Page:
Access to Information and Communications Technologies (ICT) today is more often than not an essential aspect that can propel the business forward for women entrepreneurs running small and medium sized enterprises (SME’s).
This access is becoming more and more necessary for grass roots women as well where many countries in Africa having a growing Mobile Money movement empowering their citizens economically. Without access to ICT’s particularly mobile, women are not only being left behind but they are being systematically excluded from participating in the local and global economy.
When this is brought back into the development space this leaves communities at great risk because women are the agents of change and often play leading roles in developing their communities. These communities through globalization and the Internet are affected by the rapidly changing global society, which by default these same women are being excluded from participating in. Africa must move to ensure that that women, as well as men, at all social and economic levels have equal and fair access to ICT’s.
Mobile and information technologies can help African women become more financially independent and economically empowered if they are easily accessible and affordable. This access to ICT’s for women will have a direct positive impact on the communities in which they live and work which also benefit economically.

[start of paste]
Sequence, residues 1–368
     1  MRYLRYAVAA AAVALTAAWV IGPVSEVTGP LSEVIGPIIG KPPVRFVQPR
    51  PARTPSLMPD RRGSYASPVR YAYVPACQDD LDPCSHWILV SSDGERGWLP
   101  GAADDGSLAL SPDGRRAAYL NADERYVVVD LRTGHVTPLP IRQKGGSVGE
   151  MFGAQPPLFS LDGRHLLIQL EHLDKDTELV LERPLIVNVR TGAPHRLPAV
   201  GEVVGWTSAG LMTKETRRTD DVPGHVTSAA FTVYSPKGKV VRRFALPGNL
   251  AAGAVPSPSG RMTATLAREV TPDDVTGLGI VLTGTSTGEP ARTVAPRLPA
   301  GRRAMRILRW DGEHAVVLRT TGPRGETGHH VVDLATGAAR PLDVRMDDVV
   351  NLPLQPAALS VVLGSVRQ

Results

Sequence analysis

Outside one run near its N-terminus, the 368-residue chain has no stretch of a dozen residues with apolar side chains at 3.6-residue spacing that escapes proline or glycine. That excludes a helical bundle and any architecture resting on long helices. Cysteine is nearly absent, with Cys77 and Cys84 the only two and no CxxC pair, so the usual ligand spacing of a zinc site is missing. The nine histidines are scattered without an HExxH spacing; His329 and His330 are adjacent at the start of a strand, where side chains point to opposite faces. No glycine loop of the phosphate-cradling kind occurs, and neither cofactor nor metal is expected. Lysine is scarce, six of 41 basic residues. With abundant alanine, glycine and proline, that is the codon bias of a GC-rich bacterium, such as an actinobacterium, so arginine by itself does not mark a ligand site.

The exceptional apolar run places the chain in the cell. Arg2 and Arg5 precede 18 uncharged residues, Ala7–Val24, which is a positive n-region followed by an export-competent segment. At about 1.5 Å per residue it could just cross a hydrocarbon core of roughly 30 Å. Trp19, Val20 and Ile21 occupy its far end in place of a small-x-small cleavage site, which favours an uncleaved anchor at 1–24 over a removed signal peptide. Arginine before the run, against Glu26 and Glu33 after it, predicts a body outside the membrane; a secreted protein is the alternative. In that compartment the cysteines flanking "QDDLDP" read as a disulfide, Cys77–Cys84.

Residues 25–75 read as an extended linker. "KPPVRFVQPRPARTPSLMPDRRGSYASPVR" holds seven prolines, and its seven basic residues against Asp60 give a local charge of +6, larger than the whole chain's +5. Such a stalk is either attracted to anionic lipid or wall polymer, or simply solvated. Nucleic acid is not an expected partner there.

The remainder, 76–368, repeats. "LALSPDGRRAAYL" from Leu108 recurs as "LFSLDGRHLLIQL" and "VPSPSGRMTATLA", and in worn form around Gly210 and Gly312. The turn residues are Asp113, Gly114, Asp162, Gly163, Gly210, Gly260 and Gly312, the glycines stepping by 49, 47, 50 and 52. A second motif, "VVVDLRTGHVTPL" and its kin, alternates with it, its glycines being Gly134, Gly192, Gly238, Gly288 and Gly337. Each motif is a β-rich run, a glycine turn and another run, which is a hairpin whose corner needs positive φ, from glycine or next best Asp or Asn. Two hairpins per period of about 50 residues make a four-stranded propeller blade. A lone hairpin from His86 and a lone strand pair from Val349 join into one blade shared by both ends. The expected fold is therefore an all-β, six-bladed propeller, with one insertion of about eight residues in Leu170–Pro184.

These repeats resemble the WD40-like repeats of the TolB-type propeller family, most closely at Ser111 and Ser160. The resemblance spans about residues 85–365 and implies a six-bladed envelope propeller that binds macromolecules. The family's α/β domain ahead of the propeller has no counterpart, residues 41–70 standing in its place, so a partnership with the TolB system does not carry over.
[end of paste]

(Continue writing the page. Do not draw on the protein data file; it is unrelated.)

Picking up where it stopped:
"On average across the developing world, nearly 25 percent fewer women than men have access to the Internet, and the gender gap soars to nearly 45 percent in regions like sub-Saharan Africa, - Women and the Web Report by Intel. This coupled with the fact that the International Telecommunication Union estimated that by the end of 2013, 2.7bn people (40% of the global population) were using the Internet however, men are twice more likely to have access to the Internet than women.
The prospects of ICTs for development and women’s empowerment having a sustainable impact on the African continent is very desirable yet slow in become a reality. The reasons for this are multifaceted stemming from lack of access due to infrastructure and coverage of mobile and internet across the continent to women not sharing the stories of how they have been empowered through ICT’s from a grassroots level all the way to the boardroom.
This article is sponsored by SNV Zimbabwe for the Stimulus Africa Entrepreneurship Symposium 2016: ICT for Development – 31st March – 1st April at The Stimulus Innovation Centre, 171 Fife Avenue, Harare, Zimbabwe.